Christianity’s poverty of Christ

By Robert Mann

Let the historians explain how evangelical Christians lost their way, but it’s a sad fact that a large, influential segment of a major faith is unmoored from its foundational, scriptural teachings. I’m talking about those evangelicals who have religiously ignored what the scriptures say — shout — about God’s favor for the poor and his compassion for the powerless.

Too many evangelical Christians evince only passing interest in such matters, having abandoned economic and social justice in favor of political power and luxuriating in the smug satisfaction of a personal relationship with Jesus, who guarantees an afterlife without Jews, Muslims and others who don’t look or pray like them.

It’s not only evangelicals. If you want a sense of how divorced some Christian leaders are from their faith, I recommend a fascinating conversation between two prominent Christian thinkers — David French and John Zmirak — in the New York Times. The reason for the discussion, moderated by conservative columnist Ross Douthat, was to explore why Evangelicals overwhelmingly support one of history’s most unChristian presidents.

What fascinated me most was not their disagreement over whether Donald Trump deserves praise from evangelicals; it was, rather, the cursory mention of the biblical mandate to champion and care for the poor and powerless.

The discussion revolved, instead, around Trump’s personal morality and his support for the political rights of conservative Christians and their preeminent issues, including abortion and appointing conservatives to the U.S. Supreme Court.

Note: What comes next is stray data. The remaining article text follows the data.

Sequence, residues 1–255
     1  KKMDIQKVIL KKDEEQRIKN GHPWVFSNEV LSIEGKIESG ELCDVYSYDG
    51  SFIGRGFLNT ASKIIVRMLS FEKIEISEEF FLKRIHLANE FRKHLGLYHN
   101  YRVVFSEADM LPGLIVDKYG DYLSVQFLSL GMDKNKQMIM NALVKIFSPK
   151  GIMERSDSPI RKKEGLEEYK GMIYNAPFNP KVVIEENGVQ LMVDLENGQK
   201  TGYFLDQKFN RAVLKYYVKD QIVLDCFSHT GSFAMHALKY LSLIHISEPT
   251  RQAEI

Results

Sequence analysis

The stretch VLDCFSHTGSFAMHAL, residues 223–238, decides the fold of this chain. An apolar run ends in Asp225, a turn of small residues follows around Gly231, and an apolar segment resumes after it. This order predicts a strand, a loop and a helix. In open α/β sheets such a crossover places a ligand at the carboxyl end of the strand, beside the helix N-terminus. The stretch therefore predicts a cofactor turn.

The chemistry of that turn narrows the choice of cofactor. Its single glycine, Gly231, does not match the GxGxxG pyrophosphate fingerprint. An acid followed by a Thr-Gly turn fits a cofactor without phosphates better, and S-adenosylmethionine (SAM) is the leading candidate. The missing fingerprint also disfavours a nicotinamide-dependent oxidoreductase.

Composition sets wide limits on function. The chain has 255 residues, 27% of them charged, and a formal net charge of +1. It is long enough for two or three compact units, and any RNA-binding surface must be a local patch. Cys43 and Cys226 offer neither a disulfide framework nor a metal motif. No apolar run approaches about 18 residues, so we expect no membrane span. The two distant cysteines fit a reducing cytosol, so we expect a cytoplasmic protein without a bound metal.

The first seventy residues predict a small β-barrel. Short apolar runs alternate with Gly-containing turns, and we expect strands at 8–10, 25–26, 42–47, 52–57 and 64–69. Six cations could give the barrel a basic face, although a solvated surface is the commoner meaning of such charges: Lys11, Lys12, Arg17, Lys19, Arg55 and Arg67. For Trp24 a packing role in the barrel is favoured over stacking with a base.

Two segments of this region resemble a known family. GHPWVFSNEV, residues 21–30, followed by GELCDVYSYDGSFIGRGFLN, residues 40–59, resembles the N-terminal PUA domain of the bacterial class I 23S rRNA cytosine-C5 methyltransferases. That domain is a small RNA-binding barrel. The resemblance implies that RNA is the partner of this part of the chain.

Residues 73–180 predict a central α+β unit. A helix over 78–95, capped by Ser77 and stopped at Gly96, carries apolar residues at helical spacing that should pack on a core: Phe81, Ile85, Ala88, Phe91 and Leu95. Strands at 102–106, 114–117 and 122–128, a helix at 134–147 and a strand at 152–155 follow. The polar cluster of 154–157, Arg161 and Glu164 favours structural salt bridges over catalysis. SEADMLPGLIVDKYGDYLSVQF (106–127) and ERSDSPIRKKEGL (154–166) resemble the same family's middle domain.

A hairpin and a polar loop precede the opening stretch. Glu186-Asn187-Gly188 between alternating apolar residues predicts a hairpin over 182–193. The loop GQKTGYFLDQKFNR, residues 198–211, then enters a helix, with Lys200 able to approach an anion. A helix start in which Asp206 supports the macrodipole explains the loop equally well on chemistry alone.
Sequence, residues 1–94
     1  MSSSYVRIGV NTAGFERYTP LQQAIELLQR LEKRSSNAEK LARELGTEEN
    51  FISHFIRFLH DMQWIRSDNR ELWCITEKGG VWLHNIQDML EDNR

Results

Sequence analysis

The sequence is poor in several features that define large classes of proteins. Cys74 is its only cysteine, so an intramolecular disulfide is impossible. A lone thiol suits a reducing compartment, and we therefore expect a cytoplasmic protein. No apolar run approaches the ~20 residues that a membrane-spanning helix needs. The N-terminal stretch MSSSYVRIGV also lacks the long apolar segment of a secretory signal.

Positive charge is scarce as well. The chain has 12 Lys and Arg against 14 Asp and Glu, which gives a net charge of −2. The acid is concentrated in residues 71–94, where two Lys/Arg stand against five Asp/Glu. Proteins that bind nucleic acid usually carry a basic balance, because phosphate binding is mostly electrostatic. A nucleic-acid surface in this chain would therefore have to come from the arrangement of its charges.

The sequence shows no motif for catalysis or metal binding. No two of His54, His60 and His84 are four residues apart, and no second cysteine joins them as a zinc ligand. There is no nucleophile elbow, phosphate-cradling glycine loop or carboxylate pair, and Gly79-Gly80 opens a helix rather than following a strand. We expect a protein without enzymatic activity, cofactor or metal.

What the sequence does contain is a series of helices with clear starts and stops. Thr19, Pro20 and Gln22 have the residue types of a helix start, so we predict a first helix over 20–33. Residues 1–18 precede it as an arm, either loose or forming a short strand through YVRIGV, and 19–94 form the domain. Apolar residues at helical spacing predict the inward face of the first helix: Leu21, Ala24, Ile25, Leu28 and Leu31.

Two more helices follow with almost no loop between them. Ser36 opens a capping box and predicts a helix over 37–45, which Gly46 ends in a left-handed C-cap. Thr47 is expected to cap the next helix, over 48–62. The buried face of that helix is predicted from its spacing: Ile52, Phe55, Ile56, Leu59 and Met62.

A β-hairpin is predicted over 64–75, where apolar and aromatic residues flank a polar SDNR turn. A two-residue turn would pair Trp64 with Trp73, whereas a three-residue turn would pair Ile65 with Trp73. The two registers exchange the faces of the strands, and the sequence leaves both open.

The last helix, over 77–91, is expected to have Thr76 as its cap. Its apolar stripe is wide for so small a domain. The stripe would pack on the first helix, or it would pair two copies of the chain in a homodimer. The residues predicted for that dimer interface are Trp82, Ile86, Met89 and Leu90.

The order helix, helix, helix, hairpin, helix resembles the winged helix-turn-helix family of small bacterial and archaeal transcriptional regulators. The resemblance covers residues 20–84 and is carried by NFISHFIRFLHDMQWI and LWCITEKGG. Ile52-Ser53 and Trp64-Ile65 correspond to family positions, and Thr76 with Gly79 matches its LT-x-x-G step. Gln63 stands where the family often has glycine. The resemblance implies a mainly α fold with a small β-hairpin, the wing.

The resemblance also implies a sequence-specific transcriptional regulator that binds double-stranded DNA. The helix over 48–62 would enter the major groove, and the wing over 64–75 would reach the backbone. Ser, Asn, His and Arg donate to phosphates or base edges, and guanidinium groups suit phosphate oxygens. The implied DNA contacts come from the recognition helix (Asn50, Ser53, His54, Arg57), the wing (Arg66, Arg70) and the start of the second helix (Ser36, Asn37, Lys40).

Even when more sensible evangelical leaders bemoan what’s become of their corrupted movement, they characterize the damage as abandonment, not of the poor, but of piety.Do you know how hard a Christian must work to devote that much effort talking about his faith and only mention, in passing, the poor?

It’s not that so many forget to talk about how their faith demands they treat the poor; it’s that they never seem to consider it.

Cases in point: Why are there not loud, massive protests of Christians over the obscene fact that Congress passed legislation that gives — at the expense of the poor and middle class — large tax cuts to corporations and wealthy individuals? Why are most Christians not enraged that, while it celebrates its unholy gift to the rich, Congress allowed the Children’s Health Insurance Program to expire?

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6 Responses to Christianity’s poverty of Christ

  1. Stephen Winham says:

    Much of modern Christianity seems to treat poverty with an odd blend of prosperity theology and Hindu karma – so if you are poor you deserve it and not much can be done about it. Oh, there are targeted acts of kindness, particularly this time of year, but, for the most part, the poor are simply ignored and accepted as beyond help.

    Liked by 2 people

  2. Edith Herring says:

    I have noticed that a tactic by Conservatives to tamp down the defense of the poor is to accuse any defense of the poor as “wealth envy’. The accusations all seem to have the same thread. The rich worked hard for their money. The rich create jobs and already shower down all good things on lazy, good for nothing poor folks. The rich are the very foundation of our country and if you mess with them, our entire country will suffer….this is all a very well orchestrated plan to shut up any defense of the rape and pillage of our country’s economy by the wealthy. Make no mistake. Spiritually, it is pure blasphemy. How can we keep asking God to “Bless this Mess?”

    Liked by 1 person

  3. earthmother says:

    AMEN.

    Like

  4. Rogers Prestridge says:

    Bob, Thank you for this very good article. It is really what we ought to be concerned about this in this Holy Season and at all other times.

    I do hope that you and your and your family have a wonderful and Blessed Christmas.

    Mickey

    On Fri, Dec 22, 2017 at 6:56 AM, Something Like the Truth wrote:

    > rtmannjr posted: “By Robert Mann Let the historians explain how > evangelical Christians lost their way, but it’s a sad fact that a large, > influential segment of a major faith is unmoored from its foundational, > scriptural teachings. I’m talking about those evangelicals who ” >

    Like

  5. Stephen Winham says:

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